TMF: With so many well-known and widely available alternatives for Internet access, what would be the competitive advantage for yours?
Veerina: Good question. Why are we competitive? Our main claim to fame is the features and functions and the applications we bring in a platform. And more over we are the only one that does that. You could go out and by a router to connect you to the net, but with our solutions, you could create applications from the office relative to your private networking, security, firewall aspects. We are the first ones to bring fax integration into the office so you could plug your fax machine in and now your fax pages can be transmitted on the 'Net.
So these are types of applications that Ramp is the only company that makes them.
TMF: How and where do you market your products? Are your products marketed primarily through your distributors or do you also market them yourselves?
Veerina: We it do both ways. We use our national resellers channel as a primary channel and what we do is we focus on getting the message to resellers, really, to go off and design solutions. We have an inside/outside sales team of about 18 people that work with the computer resellers to get awareness into the customers.
TMF: In your prospectus you talk a little bit about how difficult it is to project revenues because of the many different ways that you sell your product. Do you have any plans in mind to try to figure out how to try to increase visibility? Do you think perhaps online sales is one way to do that?
Veerina: Definitely. Online sales are a small portion of our revenues today, but primarily once we go beyond basic shared access with VPNs (virtual private networks) and other security solutions we do need a WAN (wide area network) reseller to design the solutions. So in terms of our predictability and revenue and all, 80% of our revenue flows through this distribution channel and we get a pretty good historical look at what the numbers are in the channel. We get weekly point-of-sales reports from our distribution partners. So we get good visibility into what's happening and how the sell-through is.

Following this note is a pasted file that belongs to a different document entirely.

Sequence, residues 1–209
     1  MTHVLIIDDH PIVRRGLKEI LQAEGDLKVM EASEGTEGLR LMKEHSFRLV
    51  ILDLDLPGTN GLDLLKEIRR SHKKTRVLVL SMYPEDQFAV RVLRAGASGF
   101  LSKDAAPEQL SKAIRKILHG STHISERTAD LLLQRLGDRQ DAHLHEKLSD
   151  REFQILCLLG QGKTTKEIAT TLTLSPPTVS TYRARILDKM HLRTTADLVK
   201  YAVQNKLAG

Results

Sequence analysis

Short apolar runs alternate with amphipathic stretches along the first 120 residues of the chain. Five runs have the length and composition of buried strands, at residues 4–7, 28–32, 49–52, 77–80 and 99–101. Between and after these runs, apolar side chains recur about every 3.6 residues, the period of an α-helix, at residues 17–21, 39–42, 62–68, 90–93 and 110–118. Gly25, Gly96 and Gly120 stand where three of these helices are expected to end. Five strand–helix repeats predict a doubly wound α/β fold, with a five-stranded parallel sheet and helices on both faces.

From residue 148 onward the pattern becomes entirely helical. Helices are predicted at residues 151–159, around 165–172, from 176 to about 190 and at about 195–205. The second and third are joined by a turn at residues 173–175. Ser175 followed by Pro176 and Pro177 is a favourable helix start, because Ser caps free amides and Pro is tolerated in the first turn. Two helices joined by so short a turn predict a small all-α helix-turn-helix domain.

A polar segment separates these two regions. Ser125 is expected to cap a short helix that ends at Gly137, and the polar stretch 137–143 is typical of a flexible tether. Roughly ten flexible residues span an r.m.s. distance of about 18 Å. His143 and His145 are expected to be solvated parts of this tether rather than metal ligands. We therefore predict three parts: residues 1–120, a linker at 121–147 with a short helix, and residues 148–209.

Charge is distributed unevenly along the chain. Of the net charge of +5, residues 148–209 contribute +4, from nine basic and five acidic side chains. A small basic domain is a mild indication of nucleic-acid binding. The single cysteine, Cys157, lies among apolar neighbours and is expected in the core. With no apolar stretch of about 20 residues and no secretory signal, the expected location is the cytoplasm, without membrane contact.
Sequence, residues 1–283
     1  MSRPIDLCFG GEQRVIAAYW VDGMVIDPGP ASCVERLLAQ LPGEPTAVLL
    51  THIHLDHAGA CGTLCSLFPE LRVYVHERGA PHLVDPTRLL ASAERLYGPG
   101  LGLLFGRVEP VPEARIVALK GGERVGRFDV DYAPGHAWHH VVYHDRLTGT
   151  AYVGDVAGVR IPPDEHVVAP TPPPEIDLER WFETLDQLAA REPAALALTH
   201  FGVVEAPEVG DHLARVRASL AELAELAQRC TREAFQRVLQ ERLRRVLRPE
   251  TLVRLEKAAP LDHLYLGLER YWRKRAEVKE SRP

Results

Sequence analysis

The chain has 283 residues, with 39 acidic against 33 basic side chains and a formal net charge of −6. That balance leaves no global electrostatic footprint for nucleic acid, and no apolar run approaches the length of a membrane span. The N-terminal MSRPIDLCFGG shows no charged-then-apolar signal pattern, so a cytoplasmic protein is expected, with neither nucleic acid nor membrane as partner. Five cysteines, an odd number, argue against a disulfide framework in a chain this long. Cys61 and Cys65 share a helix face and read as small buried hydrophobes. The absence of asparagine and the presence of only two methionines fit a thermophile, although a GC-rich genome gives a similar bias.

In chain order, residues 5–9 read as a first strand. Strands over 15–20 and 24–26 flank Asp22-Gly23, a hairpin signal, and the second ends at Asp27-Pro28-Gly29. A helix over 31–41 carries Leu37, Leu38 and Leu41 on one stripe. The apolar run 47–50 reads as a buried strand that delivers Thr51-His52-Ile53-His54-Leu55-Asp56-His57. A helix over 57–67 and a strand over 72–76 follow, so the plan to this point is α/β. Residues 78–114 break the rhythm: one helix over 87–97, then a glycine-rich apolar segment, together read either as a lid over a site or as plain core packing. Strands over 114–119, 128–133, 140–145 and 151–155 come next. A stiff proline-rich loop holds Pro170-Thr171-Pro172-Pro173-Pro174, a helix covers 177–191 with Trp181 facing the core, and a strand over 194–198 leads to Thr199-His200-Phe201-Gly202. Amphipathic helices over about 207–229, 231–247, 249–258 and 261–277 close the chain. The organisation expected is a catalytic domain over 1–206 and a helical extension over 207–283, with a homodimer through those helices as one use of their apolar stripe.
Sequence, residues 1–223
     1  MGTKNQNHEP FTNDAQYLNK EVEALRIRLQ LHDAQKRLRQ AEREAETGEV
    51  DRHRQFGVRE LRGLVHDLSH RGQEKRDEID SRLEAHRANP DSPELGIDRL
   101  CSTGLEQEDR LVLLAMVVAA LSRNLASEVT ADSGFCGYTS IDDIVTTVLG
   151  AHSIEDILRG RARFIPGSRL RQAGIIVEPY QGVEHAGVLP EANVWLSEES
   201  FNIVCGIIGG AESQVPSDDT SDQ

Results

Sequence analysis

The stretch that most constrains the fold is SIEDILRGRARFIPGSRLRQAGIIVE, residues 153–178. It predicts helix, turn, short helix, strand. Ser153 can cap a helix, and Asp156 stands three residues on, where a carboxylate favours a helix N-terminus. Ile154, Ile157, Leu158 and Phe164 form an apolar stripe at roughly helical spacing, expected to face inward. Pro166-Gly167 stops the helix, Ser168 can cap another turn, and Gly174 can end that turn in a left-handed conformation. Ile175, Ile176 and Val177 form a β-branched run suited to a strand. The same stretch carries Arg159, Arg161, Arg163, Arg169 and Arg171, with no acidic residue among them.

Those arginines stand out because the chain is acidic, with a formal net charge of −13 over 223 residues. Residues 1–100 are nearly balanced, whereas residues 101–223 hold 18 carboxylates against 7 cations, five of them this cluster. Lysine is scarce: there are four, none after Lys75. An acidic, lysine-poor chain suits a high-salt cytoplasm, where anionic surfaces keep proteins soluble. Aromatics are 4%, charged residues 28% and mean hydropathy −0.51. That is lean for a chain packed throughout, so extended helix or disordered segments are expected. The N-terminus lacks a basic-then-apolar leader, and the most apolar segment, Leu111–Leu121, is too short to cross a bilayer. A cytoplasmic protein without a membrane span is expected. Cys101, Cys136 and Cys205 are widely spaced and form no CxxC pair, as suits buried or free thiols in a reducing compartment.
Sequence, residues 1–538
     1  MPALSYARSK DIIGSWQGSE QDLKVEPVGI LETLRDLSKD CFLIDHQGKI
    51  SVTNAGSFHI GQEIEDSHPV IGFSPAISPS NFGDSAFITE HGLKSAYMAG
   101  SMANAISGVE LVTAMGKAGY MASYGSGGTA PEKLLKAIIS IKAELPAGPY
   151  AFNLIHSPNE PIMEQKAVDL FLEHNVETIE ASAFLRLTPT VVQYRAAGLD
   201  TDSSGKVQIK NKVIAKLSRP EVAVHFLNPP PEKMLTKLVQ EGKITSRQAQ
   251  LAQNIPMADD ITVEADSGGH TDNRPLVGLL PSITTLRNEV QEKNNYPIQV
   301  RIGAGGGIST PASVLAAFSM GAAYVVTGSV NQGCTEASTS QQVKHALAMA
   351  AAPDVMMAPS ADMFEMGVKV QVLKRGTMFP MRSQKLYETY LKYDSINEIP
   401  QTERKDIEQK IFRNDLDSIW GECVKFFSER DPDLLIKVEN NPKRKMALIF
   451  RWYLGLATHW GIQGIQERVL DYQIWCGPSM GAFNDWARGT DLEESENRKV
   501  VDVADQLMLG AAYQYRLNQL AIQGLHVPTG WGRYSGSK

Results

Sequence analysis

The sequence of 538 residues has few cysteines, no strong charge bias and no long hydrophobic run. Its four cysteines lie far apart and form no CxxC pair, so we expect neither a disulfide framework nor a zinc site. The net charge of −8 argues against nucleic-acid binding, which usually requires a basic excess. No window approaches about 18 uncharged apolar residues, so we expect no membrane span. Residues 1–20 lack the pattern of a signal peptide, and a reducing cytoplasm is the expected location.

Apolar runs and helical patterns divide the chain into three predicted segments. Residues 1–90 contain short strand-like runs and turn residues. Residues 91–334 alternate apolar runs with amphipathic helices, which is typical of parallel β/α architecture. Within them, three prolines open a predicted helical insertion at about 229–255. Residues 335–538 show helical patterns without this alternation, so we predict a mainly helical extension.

TMF: What is the approximate life span of one of your WebRamp products?
Veerina: Our typical customer is Main Street America, like a 15 to 20 user type of shop. Typically our solutions cost $500 to $1,500 and the way you get to $1,500 is by adding more and more software value adds. And the life-span -- for typical customers the price is a $700, $800 type of solution and it depends on the usage. It could be for life, or if your LAN is a fairly small region all they get is a phone line to their access; then later, if they decide DSL is available, they can move up. It's not a huge investment. The ROI is like 3 months to 4 months or less so they can toss this box, buy a new unit with DSL.
TMF: How about in terms of upgrades from your side?
Veerina: Actually a lot of the feature that we introduce like the security, the fax or IP, the VPM capabilities, these are fairly new additions in the last three to six months in our product portfolio. So we have to have the upgrade type of path on our product. We do see remote access, which is more in play in our products about a year or so. We do see quite a few customers that start with basic, shared access to the 'Net and decide well, I have two traveling salesmen, I need the RAS function now so they can get back into my office LAN. So we are talking really moment to moment.